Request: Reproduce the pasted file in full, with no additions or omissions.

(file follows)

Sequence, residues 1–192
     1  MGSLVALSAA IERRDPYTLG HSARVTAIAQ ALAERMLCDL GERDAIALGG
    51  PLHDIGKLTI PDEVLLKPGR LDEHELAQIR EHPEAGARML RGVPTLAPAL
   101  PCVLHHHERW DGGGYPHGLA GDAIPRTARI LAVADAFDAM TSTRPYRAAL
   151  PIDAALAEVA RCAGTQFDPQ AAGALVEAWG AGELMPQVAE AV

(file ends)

Sequence, residues 1–192
     1  MGSLVALSAA IERRDPYTLG HSARVTAIAQ ALAERMLCDL GERDAIALGG
    51  PLHDIGKLTI PDEVLLKPGR LDEHELAQIR EHPEAGARML RGVPTLAPAL
   101  PCVLHHHERW DGGGYPHGLA GDAIPRTARI LAVADAFDAM TSTRPYRAAL
   151  PIDAALAEVA RCAGTQFDPQ AAGALVEAWG AGELMPQVAE AV